An agreement like the JBNQA is needed to protect Crees and their way of life from forestry, said two tallymen who recently spoke with The Nation.
Philip Saganash and his brother Malcolm Saganash are the tallymen of two traplines in the northern part of the Waswanipi territory, W9 and W5D. The trees there are small, sparse and take many years to grow back. Loggers for the first time are now moving into their traplines.
They said they are concerned their ancestral lands will be devoid of trees when the time comes to pass them on to their children.
“We were thinking like other people a long time ago, that forestry would never reach us,” said one of the brothers.
“But we always made it pretty clear that if anything were to be done of forestry, it would have to come in a package like the Income Security Program.”
Concern over forestry continues to grow among Cree tallymen as loggers enter traplines never touched before. Forestry companies have already set out plans to cut in large areas of Mistissini and Nemaska traplines, and to a lesser extent in Waskaganish lands.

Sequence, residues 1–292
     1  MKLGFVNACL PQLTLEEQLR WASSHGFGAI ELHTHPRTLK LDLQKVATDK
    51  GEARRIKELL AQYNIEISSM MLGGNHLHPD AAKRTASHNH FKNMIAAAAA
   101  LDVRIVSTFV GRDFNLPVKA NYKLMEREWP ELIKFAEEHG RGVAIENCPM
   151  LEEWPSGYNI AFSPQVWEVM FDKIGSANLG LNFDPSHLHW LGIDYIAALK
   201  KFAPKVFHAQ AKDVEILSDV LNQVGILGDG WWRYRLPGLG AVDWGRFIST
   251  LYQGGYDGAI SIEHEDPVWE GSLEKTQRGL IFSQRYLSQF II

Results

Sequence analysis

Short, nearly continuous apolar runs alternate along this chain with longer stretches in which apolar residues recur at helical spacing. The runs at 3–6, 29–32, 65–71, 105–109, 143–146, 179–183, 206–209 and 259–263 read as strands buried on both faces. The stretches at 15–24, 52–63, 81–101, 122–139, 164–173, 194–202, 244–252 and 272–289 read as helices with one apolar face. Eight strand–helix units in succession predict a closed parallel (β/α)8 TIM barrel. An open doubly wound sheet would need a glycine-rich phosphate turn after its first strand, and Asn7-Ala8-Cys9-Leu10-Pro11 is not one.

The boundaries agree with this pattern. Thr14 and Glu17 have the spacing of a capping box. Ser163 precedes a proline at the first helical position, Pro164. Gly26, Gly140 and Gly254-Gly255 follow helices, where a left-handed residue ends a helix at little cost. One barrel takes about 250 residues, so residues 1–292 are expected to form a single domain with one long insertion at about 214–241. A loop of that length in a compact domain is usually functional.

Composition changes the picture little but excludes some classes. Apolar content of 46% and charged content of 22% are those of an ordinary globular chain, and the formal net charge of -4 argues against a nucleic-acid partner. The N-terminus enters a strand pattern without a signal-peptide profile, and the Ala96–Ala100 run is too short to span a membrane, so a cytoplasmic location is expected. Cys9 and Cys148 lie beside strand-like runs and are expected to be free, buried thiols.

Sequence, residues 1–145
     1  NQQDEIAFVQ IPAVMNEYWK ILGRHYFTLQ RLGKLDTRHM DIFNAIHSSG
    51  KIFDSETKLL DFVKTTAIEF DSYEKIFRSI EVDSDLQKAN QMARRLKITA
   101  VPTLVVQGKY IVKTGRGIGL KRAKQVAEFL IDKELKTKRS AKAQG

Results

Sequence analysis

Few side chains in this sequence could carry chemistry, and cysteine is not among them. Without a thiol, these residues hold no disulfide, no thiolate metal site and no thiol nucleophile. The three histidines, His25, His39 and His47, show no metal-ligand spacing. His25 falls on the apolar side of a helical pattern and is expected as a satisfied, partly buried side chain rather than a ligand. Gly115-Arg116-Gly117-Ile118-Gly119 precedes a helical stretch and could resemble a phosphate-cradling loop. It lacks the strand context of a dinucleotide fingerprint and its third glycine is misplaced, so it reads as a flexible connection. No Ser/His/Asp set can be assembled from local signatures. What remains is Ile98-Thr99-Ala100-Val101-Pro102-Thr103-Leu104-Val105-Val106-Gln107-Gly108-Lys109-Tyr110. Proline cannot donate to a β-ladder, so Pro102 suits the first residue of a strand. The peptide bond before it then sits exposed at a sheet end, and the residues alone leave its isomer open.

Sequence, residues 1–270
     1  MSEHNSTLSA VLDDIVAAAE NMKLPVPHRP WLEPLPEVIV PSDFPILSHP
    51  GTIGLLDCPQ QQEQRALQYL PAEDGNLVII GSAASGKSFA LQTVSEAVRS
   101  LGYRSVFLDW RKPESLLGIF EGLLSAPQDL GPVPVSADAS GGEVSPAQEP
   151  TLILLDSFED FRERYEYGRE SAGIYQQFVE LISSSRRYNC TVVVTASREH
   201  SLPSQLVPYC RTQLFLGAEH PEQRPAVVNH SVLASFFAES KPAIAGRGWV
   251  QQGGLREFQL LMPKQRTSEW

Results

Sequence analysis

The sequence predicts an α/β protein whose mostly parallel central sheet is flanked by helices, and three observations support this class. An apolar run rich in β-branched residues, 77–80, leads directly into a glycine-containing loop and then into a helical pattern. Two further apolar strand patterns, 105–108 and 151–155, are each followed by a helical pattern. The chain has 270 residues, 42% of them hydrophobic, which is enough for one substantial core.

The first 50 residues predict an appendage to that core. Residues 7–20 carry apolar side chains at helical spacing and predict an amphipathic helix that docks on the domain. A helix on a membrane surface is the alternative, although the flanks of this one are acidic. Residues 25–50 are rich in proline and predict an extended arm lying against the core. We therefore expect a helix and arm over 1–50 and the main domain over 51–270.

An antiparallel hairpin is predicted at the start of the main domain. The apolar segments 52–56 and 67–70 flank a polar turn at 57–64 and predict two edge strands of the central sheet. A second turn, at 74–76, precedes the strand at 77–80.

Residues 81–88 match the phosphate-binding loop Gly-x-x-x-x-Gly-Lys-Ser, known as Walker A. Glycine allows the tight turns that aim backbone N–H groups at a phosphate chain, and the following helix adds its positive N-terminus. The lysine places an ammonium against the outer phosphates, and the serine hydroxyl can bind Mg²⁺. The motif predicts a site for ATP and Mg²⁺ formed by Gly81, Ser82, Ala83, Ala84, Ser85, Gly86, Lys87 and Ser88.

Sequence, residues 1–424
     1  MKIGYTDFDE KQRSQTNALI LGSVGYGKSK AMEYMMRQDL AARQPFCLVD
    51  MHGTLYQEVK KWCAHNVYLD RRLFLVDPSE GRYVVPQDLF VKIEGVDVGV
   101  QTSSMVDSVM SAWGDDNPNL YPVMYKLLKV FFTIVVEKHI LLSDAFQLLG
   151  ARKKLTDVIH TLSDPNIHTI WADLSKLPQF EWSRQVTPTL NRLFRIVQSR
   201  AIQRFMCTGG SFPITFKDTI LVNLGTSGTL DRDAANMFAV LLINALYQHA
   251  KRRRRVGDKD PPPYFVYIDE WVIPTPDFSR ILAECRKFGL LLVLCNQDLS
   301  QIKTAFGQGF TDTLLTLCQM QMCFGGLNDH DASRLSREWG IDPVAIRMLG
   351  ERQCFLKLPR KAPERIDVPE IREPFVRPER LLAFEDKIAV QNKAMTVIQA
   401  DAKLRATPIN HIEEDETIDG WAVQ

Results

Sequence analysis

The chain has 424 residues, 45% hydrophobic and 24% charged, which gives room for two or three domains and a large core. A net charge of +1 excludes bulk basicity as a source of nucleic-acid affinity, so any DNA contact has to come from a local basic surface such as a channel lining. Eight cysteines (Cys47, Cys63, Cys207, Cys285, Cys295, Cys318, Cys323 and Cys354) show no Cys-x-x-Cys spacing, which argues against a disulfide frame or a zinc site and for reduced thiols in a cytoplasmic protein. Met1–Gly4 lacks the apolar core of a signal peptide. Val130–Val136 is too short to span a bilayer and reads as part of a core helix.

A new logging road built by Domtar Inc., known as N-822, is snaking into virgin areas of the Waswanipi territory.
And what is being done by the Cree leadership? The two tallymen did not seem hopeful that they would receive any assistance.
Instead, they spoke of feeling enormous pressure to sign compensation deals that have been promoted by Waswanipi Chief John Kitchen. These deals grant small sums to cover damage to traplines, but the tallymen said the amounts are a pittance—$2,000 each. The Cree Trappers’ Association has argued that such deals sign away Cree rights.
“There is nobody there to help us,” said the two men.
“They want to compensate us, but we think that isn’t good enough. They should think of an agreement like the James Bay Agreement, where income is given to individuals so they can sustain themselves— some kind of a guarantee, because there is no guarantee when you get compensated.
“If you don’t agree with the way things are going with those agreements, you’ll just lose some money. Take it or leave it. So that is why in a way it was a bind for us. We had no place to go. It was money handed to us with a gun held to our heads.”
One of the men said he “hated” himself for taking the $2,000, but couldn’t resist pressure from other tallymen afraid of losing the money if everybody didn’t sign.
They were told they couldn’t stop forestry anyway so they might as well take what little money was on the table.
“That’s what we were told, that we can’t stop it even if we tried. They’re going to cut anyway. That’s what we have been told. We’re going to get nothing if we take that attitude—that’s what they told us. If we don’t take compensation, we’re going to lose everything.”